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State Aid Tools to Tackle the Impact of COVID-19: Journal Artikel

What Is the Role of Economic and Financial Analysis?

Nicole Robins, Laura Puglisi, Ling Yang

European State Aid Law Quarterly, Jahrgang 19 (2020), Ausgabe 2, Seite 137 - 149

In response to the COVID-19 pandemic, the European Commission quickly provided guidance on how Member States can support companies during the crisis in a manner that is in line with State aid rules. With the Commission having approved €2.6 trillion of aid notified by Member States since the start of the pandemic, State aid rules have come under the spotlight more than ever before. Some argue that the different approaches adopted by Member States to deal with the crisis create significant competitive distortions between Member States, while others argue that State aid rules should be made more lenient. This article discusses the State aid tools that Member States can use to deal with the effects of the pandemic, focusing on the role of economic and financial analysis to support the application of these tools. The article examines how Member States can provide liquidity support to companies in compliance with State aid rules, before looking at how Member States could provide more longer-term funding solutions to companies to deal with the effects of the pandemic without breaching State aid rules. Keywords: COVID-19, liquidity support, compensation for damages, rescue aid, restructuring aid, economic and financial analysis, recapitalisations


Learnings from the Commission’s Initial State Aid Response to the COVID-19 Outbreak Journal Artikel

Paula Riedel, Thomas Wilson, Shane Cranley

European State Aid Law Quarterly, Jahrgang 19 (2020), Ausgabe 2, Seite 115 - 126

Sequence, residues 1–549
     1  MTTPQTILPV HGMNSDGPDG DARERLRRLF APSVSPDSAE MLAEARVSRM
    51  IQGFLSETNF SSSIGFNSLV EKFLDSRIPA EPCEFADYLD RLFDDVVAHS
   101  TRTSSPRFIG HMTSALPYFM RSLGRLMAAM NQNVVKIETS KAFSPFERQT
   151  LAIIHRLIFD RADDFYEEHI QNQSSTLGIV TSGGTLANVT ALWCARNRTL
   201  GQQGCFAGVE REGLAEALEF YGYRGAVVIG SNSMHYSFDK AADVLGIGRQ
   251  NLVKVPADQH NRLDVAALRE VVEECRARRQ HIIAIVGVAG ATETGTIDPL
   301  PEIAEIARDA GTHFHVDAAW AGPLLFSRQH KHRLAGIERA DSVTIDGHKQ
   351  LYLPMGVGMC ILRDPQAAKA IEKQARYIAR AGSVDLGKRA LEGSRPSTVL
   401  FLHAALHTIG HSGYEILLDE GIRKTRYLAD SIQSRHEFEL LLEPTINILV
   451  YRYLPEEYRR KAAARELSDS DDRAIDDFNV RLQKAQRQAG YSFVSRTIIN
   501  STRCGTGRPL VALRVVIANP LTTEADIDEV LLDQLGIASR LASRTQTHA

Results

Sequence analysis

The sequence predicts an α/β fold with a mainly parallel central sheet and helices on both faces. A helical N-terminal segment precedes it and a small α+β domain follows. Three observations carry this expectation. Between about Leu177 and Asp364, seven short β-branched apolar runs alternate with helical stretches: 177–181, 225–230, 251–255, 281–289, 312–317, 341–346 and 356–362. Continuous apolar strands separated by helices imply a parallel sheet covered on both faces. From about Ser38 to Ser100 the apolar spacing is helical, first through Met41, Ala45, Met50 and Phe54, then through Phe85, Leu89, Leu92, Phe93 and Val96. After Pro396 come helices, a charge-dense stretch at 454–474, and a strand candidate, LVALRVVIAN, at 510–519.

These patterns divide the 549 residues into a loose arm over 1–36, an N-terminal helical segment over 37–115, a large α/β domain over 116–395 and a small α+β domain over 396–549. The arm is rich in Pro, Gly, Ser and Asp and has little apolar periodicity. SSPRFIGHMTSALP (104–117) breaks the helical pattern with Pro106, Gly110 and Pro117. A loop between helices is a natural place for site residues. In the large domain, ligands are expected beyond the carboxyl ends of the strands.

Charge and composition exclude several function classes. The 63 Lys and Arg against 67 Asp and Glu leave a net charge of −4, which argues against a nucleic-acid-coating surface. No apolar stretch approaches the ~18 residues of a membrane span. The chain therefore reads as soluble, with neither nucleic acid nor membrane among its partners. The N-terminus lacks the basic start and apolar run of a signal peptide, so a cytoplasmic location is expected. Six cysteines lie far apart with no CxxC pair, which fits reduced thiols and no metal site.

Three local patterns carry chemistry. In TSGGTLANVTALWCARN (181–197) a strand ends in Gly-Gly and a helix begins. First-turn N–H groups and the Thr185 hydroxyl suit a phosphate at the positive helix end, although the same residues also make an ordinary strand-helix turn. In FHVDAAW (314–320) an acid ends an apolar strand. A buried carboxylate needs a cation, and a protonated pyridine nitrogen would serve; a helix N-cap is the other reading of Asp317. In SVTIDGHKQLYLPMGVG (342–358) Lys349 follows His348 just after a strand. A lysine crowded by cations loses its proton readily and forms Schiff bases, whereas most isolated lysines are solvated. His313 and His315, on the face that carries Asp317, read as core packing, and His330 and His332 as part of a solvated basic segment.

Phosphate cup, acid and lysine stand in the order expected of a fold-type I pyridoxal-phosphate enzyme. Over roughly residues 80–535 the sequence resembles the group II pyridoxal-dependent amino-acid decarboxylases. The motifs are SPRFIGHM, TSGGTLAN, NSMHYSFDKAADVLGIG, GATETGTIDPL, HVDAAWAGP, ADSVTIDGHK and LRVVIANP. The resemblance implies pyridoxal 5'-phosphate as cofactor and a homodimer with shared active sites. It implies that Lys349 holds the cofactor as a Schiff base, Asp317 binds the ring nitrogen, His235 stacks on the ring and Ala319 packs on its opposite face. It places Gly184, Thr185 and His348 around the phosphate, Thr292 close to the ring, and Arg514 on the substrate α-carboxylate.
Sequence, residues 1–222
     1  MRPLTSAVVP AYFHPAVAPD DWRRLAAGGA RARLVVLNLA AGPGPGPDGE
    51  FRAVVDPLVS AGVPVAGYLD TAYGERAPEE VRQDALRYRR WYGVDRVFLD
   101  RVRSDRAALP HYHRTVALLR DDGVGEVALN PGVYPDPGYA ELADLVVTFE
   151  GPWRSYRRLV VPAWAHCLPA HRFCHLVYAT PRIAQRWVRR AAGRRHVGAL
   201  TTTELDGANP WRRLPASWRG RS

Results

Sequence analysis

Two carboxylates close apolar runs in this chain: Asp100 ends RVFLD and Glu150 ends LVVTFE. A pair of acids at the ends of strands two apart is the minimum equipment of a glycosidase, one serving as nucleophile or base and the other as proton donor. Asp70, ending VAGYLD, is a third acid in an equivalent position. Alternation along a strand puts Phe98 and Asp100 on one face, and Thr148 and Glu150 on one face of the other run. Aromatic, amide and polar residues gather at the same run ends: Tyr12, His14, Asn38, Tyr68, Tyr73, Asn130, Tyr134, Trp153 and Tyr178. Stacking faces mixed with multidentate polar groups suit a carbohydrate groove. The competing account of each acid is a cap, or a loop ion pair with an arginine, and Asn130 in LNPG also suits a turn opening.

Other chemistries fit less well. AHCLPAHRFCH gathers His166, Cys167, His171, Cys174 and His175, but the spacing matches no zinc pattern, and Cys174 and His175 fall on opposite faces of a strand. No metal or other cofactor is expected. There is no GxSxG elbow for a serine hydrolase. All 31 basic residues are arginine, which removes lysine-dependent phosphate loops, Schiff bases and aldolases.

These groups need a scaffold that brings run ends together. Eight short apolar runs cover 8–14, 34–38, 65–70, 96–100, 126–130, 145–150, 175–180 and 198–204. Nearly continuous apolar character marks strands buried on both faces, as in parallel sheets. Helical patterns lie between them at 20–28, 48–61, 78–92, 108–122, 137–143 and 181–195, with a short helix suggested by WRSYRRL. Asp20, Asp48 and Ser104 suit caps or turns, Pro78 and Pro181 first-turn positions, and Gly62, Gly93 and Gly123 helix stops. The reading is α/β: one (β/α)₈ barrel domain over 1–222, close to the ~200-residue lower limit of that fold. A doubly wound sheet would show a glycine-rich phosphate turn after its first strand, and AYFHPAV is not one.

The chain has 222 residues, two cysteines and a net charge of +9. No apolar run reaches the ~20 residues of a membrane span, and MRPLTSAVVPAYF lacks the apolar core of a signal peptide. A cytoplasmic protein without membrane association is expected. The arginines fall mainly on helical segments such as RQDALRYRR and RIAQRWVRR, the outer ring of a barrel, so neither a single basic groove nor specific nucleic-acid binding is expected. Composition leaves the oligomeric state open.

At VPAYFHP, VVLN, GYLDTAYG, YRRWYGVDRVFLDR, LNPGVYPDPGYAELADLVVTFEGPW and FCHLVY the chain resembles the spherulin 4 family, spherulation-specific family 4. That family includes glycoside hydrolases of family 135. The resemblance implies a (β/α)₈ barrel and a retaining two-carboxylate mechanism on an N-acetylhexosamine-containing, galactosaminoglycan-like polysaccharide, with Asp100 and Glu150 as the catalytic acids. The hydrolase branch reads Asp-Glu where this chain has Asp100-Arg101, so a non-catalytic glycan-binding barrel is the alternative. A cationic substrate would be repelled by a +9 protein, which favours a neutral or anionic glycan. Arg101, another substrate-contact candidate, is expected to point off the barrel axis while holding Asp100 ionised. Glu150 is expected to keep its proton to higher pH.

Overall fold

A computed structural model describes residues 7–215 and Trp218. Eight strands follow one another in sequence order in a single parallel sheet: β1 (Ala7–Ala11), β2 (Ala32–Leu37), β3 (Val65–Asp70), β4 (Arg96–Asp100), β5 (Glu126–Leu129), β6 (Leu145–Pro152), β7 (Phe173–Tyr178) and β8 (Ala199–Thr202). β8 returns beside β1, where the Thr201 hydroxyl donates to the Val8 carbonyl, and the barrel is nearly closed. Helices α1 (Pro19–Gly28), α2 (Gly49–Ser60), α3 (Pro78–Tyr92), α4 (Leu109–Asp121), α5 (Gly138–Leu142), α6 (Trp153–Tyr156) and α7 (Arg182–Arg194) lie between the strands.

Against the background of the COVID-19 outbreak and the effects of public health measures on Member State economies, the Commission has acted impressively quickly to prevent State aid rules becoming a block to necessary interventions. The Commission has published a Temporary Framework under Article 107(3)(b) TFEU, which has been amended twice including to allow for recapitalisation of firms in return for State participation. Aid under this Temporary Framework along with a wide range of measures approved under Article 107 TFEU has allowed billions in aid to be granted, ensuring that liquidity is available to companies. This liquidity has avoided mass bankruptcies but comes with the risk of distortions of competition across the internal market; a risk augmented by the differences in approach of the Member States. As Member States exit the initial phase of the response to the crisis focused on liquidity, and move to more structural measures such as recapitalisations, we can expect the design of aid to be monitored even more closely to minimise market distortions. The Commission’s initial response has been flexible, swift and pragmatic and is to be lauded but many potential pitfalls remain as the crisis moves to the next phase.  Keywords: COVID-19, Temporary Framework, recapitalisation, distortion of competition


State Aid for the Banking Sector: Journal Artikel

What has Changed After the New BRRD and SRM Regulation?

Maria Rosaria Miserendino

European State Aid Law Quarterly, Jahrgang 17 (2018), Ausgabe 2, Seite 204 - 211

The object of this work is the analysis of the issues which arose after the coming into force of the Bank Recovery and Resolution Directive (BRRD) and the Single Resolution Mechanism Regulation (SRM); in particular, the (new) role of the European Commission (EC) on State aid for the Banking Sector. This work analyses the complex procedure of resolution created after the Single Resolution Mechanism Regulation and the cooperation between the Commission and the SRB on State Aid in that procedure, with a focus on precautionary recapitalisation.Keywords: State aid; Single Resolution Mechanism Regulation; BRRD; Resolution procedure; Precautionary recapitalisation.

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